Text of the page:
Feb. 15 (Bloomberg) -- Vietnam’s five-year bonds gained, pushing their yield to the lowest level since April, on speculation interest rates will be cut. The dong weakened.
The State Bank of Vietnam instructed lenders to “reduce interest rates to levels that are suitable to the macroeconomic situation,” according to a statement posted Feb. 13 on its website. Inflation cooled for a fifth month in January, with consumer prices climbing 17.3 percent from a year earlier, the least in 10 months, official data show.
“The government keeps reiterating its determination to bring down interest rates and slowing inflation has boosted investors’ expectations for a cut,” analysts including Do Thi Phuong Trang at Bank for Investment and Development of Vietnam wrote in a note today. Demand for two- and five-year bonds has strengthened, they wrote.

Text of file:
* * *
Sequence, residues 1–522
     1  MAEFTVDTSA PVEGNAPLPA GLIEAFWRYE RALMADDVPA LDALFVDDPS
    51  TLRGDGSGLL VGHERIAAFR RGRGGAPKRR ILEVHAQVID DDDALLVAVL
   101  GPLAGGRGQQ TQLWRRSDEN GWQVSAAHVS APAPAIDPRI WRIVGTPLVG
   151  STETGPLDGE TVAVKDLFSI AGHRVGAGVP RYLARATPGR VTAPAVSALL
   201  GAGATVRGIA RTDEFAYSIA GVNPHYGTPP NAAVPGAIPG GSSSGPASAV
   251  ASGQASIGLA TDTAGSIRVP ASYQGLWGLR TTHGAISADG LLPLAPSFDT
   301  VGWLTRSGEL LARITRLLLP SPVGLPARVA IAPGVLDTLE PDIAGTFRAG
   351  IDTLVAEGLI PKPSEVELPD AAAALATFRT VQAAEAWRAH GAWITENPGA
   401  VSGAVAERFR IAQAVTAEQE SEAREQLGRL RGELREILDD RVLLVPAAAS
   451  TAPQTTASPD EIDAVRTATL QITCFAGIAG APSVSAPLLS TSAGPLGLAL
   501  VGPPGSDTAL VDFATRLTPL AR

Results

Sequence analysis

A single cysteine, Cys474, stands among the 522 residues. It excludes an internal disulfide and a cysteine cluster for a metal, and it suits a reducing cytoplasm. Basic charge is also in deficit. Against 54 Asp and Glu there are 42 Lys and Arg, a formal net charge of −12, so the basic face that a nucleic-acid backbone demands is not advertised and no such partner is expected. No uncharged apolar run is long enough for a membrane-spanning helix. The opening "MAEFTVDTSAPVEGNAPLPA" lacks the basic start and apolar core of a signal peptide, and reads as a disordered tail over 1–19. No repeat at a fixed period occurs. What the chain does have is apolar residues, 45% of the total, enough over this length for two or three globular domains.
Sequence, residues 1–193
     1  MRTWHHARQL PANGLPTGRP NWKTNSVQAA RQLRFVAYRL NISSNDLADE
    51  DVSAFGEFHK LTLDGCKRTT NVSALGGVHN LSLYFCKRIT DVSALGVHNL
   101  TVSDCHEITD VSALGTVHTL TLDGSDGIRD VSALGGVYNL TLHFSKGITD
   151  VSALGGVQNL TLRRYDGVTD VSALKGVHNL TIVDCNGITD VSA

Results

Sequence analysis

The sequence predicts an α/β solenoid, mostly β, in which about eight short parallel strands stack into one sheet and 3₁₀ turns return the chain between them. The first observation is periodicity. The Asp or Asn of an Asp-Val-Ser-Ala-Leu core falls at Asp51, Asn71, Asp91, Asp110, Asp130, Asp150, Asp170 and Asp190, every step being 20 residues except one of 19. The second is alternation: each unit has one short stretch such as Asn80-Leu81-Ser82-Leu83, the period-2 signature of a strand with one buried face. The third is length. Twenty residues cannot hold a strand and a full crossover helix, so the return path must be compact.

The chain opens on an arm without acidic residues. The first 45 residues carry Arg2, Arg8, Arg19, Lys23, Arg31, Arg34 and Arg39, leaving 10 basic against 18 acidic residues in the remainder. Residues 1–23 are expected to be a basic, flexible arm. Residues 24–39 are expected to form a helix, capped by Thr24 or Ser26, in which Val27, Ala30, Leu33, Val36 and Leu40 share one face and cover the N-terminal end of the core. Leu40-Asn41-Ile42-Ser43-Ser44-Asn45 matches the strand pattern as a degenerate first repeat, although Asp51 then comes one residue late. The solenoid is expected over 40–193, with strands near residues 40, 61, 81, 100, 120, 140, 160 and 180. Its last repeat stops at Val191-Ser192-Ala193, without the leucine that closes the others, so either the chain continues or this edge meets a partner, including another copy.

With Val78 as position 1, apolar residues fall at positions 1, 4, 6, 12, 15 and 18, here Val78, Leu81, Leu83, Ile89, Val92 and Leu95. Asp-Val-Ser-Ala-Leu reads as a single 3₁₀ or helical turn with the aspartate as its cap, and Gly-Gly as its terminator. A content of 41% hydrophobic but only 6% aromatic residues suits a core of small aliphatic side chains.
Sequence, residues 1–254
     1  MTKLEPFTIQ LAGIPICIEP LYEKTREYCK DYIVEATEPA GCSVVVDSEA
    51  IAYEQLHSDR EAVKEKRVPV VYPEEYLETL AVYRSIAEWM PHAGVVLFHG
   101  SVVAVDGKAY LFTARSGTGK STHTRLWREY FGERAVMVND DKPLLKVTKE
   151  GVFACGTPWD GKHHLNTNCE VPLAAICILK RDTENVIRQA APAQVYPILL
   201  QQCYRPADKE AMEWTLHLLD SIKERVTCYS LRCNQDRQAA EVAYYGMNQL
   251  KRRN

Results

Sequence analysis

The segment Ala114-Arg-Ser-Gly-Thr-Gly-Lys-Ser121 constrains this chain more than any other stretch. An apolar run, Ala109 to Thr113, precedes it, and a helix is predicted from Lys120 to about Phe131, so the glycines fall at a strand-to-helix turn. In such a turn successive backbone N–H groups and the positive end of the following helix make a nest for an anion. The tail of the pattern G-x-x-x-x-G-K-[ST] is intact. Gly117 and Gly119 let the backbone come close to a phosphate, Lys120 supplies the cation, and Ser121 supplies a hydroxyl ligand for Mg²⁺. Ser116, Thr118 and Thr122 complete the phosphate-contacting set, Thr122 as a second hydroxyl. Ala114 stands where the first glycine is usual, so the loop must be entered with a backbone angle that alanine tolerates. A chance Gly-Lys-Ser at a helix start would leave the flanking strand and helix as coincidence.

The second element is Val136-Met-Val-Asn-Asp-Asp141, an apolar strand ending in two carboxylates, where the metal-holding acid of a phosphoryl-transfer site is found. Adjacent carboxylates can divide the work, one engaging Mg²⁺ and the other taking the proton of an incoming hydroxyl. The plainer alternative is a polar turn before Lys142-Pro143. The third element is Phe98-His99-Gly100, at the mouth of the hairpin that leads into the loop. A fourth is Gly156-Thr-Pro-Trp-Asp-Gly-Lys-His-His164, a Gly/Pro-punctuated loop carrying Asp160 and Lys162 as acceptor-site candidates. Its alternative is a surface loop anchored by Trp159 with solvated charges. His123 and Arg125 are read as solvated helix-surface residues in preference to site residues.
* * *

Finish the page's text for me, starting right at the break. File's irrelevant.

The yields on five-year notes fell one basis point, or 0.01 percentage point, to 12.29 percent as of 4:18 p.m. in Hanoi, according to a daily fixing from banks compiled by Bloomberg. The two-year yield declined one basis point to 12.41 percent.
The dong fell 0.3 percent to 20,909 per dollar, according to data compiled by Bloomberg. The central bank set the reference rate at 20,828, its website showed. The currency is allowed to trade as much as 1 percent on either side of the official rate.
--Nguyen Kieu Giang. Editor: James Regan
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